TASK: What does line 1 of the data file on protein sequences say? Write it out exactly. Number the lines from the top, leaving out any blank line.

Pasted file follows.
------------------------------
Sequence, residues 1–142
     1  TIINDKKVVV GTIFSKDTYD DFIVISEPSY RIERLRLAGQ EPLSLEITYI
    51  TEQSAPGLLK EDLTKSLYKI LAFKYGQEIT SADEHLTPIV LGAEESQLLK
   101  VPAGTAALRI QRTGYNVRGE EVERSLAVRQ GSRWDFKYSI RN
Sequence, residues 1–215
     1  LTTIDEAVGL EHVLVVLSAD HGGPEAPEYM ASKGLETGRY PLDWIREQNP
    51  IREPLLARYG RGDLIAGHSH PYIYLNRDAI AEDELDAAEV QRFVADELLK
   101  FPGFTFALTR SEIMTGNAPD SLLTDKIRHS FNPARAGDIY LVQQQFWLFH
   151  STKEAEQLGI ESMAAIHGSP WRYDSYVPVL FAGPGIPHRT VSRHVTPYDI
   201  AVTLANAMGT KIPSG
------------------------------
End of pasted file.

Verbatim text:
Sequence, residues 1–142